Monday, August 21, 2017


Through the clouds at Albuquerque.

derevaun's film splitter

So, I made a film splitter with a couple dollars in parts from the hardware store, an old 120 box camera and instructions from Flickr user, derevaun.  I don't recall where I got the old Falcon-Flex which forms the body of the splitter and provides the film holding and advance functions.  No damage is done to the camera in the process, so if I should ever get a yen to see what the camera can do, that possibility remains available.  Derevaun's advice to get the parts from ACE Hardware turned out to be excellent; they had everything I needed including a very helpful store clerk who helped me find the necessary nuts, screws and washers.

The parts include a long and a short machine screw, a long connector nut, two nuts and two washers.  The cutter is a No. 11 Xacto blade.  The nuts and washers which hold the blade are first screwed on the long screw.  Then, the long screw and the short screw are screwed into either end of the connector nut and adjusted to allow a tight fit in the body of the camera.

The blade holding nuts and washers are adjusted so that the blade is a little less than 46mm from the left side of the compartment.  The tip of the blade rests against the roller on the take-up side with just a millimeter or so protruding above the film plane.  The assembly took about ten minutes.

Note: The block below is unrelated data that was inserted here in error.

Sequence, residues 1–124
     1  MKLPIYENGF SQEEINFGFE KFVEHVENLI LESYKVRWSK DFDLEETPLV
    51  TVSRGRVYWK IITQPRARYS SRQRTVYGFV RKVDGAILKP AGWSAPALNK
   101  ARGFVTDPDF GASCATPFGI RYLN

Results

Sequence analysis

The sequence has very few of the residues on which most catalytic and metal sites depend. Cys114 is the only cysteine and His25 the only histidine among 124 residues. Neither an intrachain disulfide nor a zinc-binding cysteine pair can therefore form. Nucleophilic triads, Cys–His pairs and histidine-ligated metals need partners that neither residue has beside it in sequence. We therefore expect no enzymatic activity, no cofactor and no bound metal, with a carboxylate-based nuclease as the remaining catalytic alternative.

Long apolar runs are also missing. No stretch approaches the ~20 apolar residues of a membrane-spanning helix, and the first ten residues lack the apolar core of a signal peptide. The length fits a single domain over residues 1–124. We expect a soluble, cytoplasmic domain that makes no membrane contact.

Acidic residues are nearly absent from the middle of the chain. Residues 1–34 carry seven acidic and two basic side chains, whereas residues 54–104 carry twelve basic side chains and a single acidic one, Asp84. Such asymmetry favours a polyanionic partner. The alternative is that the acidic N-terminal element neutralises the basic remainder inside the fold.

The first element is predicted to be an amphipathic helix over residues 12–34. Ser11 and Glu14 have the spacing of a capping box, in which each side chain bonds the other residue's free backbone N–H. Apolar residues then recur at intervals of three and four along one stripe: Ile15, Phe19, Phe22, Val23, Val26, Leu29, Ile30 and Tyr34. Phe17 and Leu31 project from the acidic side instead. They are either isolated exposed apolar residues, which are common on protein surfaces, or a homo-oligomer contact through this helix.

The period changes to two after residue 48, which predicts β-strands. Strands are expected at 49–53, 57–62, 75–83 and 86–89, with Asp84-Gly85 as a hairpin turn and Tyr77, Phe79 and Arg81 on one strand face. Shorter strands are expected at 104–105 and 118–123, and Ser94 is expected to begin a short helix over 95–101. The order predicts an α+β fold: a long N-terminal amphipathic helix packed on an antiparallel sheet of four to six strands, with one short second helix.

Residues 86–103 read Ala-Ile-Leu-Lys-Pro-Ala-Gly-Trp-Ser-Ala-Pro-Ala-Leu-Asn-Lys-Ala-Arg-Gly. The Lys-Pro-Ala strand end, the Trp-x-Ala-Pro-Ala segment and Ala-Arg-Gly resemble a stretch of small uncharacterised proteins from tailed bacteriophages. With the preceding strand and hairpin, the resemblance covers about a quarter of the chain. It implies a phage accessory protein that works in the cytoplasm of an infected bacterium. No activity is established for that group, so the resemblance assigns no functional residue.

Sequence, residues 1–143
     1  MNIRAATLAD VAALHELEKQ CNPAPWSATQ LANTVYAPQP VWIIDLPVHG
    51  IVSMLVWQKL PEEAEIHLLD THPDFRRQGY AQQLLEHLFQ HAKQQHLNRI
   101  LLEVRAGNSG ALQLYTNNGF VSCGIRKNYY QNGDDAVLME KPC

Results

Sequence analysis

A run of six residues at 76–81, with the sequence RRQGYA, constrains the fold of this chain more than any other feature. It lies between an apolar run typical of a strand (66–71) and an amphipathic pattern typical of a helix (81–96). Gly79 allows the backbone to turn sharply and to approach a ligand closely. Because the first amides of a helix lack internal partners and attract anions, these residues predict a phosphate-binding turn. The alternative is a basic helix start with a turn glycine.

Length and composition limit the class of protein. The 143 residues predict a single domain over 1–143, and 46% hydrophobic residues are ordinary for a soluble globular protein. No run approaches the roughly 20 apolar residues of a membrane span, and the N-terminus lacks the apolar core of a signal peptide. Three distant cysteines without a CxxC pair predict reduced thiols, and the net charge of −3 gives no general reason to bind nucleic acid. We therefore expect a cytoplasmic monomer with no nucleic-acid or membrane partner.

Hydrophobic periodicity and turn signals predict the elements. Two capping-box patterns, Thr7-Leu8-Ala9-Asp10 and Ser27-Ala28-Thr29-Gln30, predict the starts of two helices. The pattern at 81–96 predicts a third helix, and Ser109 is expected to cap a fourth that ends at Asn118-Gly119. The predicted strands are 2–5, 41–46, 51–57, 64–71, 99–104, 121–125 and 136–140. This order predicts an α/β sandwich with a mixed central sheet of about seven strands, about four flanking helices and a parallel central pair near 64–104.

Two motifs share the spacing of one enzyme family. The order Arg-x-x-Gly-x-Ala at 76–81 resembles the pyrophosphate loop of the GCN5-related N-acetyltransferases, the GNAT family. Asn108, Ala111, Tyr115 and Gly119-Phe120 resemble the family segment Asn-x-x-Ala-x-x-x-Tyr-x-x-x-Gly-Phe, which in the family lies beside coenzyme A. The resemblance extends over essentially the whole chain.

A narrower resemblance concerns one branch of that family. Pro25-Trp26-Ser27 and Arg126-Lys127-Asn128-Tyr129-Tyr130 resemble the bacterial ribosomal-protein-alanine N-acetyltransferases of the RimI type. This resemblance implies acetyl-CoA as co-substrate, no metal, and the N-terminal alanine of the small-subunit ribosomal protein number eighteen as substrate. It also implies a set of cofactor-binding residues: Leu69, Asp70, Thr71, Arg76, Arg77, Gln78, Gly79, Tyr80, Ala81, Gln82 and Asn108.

I had a junk roll of 120 film in my tool box, so I put it in the device, closed the back and rolled the film through the camera.  The roll came out perfectly cut with the wider section being just the right size to fit my 127 cameras.  So, I popped in a roll of Arista Edu Ultra 400 and split that.  I put the camera in my dark bag to remove the film roll.  After separating the film from the backing, I rolled it up and put it into a black 35mm film container.  This evening, I'll take the film into my bathroom/darkroom and roll it into some 127 backing paper.  I illustrated that process for creating 828 film in my 6/25/17 post entitled "rollin' , rollin', rollin...".

Sunday, August 20, 2017

nice rides

Saturday morning found me and my Foth Derby at a motorcycle swap meet near the railroad tracks on Central Avenue.

One block to the west was a long line of low riders, most on trailers, waiting to get into a car show at the Convention Center.

The overcast sky was a challenge for the expired Portra 160.  I lowered the shutter speed to 1/50, but most of the shots were still a bit under-exposed at f9.0.  I knew that would be the case, but a wider aperture would have given too little depth of focus for the subject.  I had to do some fancy PhotoShop work to get acceptable color and contrast, with variable results.